Discover the world's best short films

Discover the world's best short films

Interview with Ross McClure

Director of

Ross McClure

What was the inspiration behind making this short film?

After creating lots of branded and social content over the past few years, I had encountered ‘influencers’ in various capacities and found them to be a fascinating new kind of celebrity. They’re similar to television presenters in terms of their skillset but they do everything themselves rather than working within the confines of a larger organisation. Plus they have the pressure of creating and posting content at a crazy rate. Initially I wanted to make a film about an influencer visiting their psychologist and expressing doubts about their career. However, when I suggested the idea to the writer James Vincent, he suggested we open up the idea to have multiple influencers and that’s when we hit on the idea of an Alcoholics Anonymous style meeting for them all to interact in. This allowed us to have different kinds of influencers at various stages of addiction which added to the comedy and tragedy of the piece.

Was there any particular challenges you had to go through to make the short film happen?

The film was shot on location in Barcelona in the middle of August, the hottest month of the year. This meant that the temperature was 30+ degrees for the whole day. We had to have constant water breaks in order to stay hydrated. I’m not sure how the cast all appear to look so calm and composed in the footage as everyone behind the camera was struggling! Otherwise, the whole thing went according to plan and there were no major issues on the day. It’s essentially one long scene playing out so we were able to shoot each actor in a medium shot and a close up which gave us lots and lots of options for reactions in the edit. The initial reason for shooting was to enter it into a short film competition which had a limit on the run time of your film which was three minutes. As all the actors gave such strong performances, which included ad-libbing throughout, it was very hard to cut it down to the required length. But this meant that we were able to create a much stronger five minute cut which became the final edit that we used for festivals. For once we had too much good footage instead of not enough!

How has the short film been received?

The film has been received really well. Social media is something that we are all grappling with in various ways so anyone who watches the film just gets it straight away. We were lucky to get into a number of international festivals and win some awards for the script, the acting and we even got a best comedy award into the bargain. Hopefully it serves as a (humorous) warning that you can spend too much time on your phone checking your various accounts and there is a very real danger that it represents. Put that phone down!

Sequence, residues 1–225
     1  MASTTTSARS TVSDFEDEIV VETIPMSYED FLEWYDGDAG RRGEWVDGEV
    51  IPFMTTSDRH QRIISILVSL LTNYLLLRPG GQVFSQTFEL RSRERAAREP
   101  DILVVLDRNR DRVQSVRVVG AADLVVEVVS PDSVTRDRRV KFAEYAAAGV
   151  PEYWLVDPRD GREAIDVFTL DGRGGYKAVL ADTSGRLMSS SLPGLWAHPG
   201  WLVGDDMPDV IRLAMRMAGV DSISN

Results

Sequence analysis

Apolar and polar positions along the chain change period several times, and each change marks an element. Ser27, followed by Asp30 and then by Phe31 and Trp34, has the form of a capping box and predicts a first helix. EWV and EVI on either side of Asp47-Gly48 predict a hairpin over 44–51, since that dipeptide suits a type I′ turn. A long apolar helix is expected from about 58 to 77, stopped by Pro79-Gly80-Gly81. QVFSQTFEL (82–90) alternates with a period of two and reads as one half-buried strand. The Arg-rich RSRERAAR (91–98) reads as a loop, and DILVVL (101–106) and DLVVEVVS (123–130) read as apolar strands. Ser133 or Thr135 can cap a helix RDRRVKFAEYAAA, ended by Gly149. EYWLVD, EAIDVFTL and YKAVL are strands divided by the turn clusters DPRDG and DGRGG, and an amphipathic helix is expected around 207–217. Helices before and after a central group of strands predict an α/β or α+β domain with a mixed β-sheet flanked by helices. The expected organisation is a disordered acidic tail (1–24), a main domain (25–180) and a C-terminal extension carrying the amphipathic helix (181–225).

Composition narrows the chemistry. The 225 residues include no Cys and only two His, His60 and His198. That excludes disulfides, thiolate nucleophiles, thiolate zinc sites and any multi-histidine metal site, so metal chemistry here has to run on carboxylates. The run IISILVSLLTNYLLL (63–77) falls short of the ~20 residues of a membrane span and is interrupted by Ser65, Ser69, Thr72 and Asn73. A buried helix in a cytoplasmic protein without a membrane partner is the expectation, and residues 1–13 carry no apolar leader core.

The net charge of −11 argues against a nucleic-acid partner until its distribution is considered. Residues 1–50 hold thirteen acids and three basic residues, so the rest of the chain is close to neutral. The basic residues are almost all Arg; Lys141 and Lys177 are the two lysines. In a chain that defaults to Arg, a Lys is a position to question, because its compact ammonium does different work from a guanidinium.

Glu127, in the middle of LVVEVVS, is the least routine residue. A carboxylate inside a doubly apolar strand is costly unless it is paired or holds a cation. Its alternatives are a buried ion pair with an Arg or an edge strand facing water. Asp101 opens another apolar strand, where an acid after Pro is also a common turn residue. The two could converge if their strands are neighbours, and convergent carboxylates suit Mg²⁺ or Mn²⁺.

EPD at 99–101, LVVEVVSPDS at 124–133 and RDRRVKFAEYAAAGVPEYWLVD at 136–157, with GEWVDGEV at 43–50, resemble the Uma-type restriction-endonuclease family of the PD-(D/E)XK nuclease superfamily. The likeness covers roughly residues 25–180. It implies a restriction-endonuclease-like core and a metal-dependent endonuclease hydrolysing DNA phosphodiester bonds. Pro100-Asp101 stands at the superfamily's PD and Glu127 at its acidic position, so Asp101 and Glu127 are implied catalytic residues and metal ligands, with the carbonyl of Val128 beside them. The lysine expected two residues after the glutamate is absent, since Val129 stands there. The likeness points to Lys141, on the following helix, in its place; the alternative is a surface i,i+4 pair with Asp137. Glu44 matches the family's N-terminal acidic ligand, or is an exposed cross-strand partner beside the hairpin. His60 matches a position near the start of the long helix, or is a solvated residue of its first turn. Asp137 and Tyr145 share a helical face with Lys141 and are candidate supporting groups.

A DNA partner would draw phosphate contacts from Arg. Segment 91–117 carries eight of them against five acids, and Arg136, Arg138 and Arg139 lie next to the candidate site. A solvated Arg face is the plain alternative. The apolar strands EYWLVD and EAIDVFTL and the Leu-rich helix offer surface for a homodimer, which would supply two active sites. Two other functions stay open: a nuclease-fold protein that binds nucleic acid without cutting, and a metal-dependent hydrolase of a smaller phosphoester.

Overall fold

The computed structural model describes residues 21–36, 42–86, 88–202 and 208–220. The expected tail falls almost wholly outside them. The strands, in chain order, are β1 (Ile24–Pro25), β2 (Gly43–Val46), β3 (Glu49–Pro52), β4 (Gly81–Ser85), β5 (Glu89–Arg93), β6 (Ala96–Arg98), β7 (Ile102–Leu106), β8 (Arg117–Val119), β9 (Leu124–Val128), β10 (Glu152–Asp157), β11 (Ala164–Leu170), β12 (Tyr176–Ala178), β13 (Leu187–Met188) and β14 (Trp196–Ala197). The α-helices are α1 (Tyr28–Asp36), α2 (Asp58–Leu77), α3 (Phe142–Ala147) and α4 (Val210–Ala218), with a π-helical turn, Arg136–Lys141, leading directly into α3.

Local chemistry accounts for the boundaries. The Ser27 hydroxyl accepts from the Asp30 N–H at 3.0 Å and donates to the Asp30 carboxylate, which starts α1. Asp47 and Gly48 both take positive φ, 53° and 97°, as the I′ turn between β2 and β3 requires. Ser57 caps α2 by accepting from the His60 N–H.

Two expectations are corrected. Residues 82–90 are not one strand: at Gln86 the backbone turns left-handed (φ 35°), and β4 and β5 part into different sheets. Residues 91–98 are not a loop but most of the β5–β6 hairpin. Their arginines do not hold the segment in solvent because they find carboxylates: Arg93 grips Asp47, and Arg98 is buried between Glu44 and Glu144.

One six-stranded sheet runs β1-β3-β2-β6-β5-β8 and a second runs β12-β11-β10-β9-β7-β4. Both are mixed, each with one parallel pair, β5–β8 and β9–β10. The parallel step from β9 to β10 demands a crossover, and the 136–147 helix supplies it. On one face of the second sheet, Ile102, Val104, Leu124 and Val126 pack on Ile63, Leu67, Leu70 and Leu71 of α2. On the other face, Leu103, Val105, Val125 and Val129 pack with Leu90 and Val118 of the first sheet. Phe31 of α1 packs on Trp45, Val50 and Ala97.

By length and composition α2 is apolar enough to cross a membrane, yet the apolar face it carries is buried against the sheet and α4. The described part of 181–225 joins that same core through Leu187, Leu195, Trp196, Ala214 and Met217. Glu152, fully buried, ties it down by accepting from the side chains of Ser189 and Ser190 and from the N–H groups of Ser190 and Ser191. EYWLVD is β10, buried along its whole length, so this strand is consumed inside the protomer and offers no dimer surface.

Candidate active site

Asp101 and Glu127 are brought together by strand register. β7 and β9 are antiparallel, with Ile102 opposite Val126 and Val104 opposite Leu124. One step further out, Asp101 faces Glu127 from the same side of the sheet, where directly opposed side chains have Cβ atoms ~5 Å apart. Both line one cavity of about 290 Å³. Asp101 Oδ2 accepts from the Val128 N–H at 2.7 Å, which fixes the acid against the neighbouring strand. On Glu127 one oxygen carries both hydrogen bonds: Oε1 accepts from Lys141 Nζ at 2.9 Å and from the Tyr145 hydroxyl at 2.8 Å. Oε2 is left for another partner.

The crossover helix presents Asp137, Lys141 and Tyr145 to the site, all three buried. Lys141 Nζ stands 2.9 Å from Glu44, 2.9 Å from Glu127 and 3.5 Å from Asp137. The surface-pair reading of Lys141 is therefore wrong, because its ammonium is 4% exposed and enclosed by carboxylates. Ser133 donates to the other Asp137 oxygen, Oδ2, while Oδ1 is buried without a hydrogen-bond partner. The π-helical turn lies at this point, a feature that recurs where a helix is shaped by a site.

Do you have any other projects in the pipeline?

I’m currently in post production on a new short film from my own script called called ‘Dog In Translation’. It’s a surreal comedy about a stubborn British man living in Spain who doesn’t understand Spanish but finds help in an unlikely place. We shot it last summer in Barcelona across two very hot days (I sense a pattern emerging here) and had to battle with permit issues, sunburn, a thunderstorm on day two and some wild hogs that appeared in our base camp just as we wrapped – true story!

What advice would you give to anyone wanting to make their first short film?

I was once given a great piece of advice by my rugby teacher at school in Belfast when I was growing up – K.I.S.S. It’s stands for Keep It Simple Stupid. Don’t overthink things, just come up with a basic idea and make it happen. The best thing to do if it’s your first short film is to complete the process from start to finish. That way you will get an understanding of what it takes to make a film and you will also learn which parts you enjoy – and which parts you don’t enjoy! Come up with something involving a couple of characters and base it in one location. Shoot it with minimal equipment and do the edit. Then the most important part – showing it to others! Once you’ve made it you need to get some outside opinions on what worked and what didn’t. If you don’t get that feedback then you won’t learn what your mistakes are and you won’t learn from it. Just Keep It Simple Stupid!

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